“Boston University holds its students to a higher standard than the general community and we are proud of our students’ level of achievement and engagement in the community,” wrote Brown, asking parents to convey to their children the dangers of binge drinking and the fact that, in this matter, there’s no need to keep up with the Joneses: most students drink moderately, and more than a third drink irregularly or not at all.

Brown’s Matriculation speech last Sunday put it more graphically: “Having two drinks for an average woman or three drinks for a man in one hour will leave you impaired in judgment and coordination. If you keep drinking at that rate, you will raise your blood alcohol to a dangerously high level, leaving yourself incapacitated where others might take advantage of you, or simply result in you waking up in a pool of your own stomach contents, either in your bed, some other unfamiliar place, or at the emergency room. This could leave you evicted from student housing. For some, the consequences can be much, much worse.”

17 Comments
Rich Barlow

Rich Barlow can be reached at barlowr@bu.edu.

17 Comments on Alcohol Enforcement Resumes This Weekend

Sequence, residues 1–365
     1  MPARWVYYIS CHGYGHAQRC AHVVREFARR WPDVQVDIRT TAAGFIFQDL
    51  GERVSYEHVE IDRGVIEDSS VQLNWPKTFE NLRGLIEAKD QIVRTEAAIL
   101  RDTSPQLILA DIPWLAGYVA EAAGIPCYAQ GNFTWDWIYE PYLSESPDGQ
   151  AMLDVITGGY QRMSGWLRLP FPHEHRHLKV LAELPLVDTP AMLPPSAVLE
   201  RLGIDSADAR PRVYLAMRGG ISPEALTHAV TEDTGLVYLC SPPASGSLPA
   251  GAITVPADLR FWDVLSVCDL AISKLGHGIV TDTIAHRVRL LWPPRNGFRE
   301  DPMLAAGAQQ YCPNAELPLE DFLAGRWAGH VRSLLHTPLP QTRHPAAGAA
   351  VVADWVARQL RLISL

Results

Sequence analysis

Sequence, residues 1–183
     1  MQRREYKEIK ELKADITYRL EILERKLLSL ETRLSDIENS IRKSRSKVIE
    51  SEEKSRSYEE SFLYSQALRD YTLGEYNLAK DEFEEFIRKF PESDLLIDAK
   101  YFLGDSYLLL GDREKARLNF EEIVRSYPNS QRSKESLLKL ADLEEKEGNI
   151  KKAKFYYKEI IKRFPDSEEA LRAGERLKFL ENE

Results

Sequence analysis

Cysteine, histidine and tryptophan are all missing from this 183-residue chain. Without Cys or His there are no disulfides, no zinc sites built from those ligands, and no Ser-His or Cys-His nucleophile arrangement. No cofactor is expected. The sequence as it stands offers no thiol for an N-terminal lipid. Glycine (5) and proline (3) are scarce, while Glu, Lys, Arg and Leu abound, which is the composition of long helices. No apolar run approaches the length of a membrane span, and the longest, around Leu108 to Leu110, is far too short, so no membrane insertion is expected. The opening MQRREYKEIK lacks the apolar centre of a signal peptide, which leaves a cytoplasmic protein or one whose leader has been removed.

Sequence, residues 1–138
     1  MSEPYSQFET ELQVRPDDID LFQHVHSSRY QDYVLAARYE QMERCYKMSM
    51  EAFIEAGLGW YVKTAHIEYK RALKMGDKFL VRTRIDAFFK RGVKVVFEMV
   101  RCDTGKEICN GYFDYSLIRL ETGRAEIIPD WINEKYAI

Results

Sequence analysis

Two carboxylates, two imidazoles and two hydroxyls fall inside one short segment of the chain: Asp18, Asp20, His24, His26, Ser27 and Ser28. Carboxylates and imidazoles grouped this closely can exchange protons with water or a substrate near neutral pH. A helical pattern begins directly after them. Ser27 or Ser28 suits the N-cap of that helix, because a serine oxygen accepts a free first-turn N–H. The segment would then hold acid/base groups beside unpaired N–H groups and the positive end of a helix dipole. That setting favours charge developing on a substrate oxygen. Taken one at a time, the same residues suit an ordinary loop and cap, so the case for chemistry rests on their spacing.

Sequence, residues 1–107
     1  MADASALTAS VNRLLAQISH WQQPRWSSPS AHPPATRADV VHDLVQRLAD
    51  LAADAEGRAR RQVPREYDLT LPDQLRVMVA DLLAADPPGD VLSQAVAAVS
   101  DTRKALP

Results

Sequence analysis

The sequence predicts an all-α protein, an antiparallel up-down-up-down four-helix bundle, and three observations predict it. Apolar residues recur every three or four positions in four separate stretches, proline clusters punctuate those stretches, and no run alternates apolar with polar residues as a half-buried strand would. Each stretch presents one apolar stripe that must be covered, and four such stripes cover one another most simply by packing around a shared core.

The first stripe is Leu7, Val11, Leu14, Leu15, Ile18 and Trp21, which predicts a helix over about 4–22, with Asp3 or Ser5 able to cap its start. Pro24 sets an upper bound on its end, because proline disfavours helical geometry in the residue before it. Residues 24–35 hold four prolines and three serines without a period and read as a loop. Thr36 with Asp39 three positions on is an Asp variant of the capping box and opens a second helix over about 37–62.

• AP on 09.07.2012 at 10:04 am

    “The University’s concern involves both safety and academics: in one recent year, the median GPA for BU freshmen who needed medical treatment for only one binge-drinking episode was almost a third of a point below that of their class, President Robert A. Brown says.”

    Remembering back to my freshman year in college, there is a reason for that. They are engaging in dangerous behaviors because they are less intelligent and less mature, and therefore less able to see the consequences of their actions or handle stress correctly. This translates to skipping class because they don’t want to go, not managing their assignments or time correctly, or avoiding work altogether because it’s hard, stressful, or not fun. Excessive drinking is a symptom of a student who is seriously lacking in maturity and personal responsibility. It is not the cause.

  • Franz on 09.07.2012 at 10:09 am

    Come out to Brighton and police some of these BC neighborhoods. It’s been hard getting sleep with all the yelling well in to the early morning.

  • Lake District on 09.07.2012 at 10:21 am

    I am 19 studying abroad in London right now and I, among with everyone else in the program from BU, who are also under 21, drink a lot, but we do so responsibly and maturely. The same goes the Brits I have met here who are under 21. I don’t think the problem is of age, it is how alcohol is portrayed as a forbidden fruit. Lower the drinking age and stop being so sheltering of your kids because they are going to drink no matter what you say. Instead teach them at a young age how to do so responsibly, because, from what I have noticed, it is the innocent sheltered girls who are the ones who get much too drunk, and end up naked with throw up on themselves.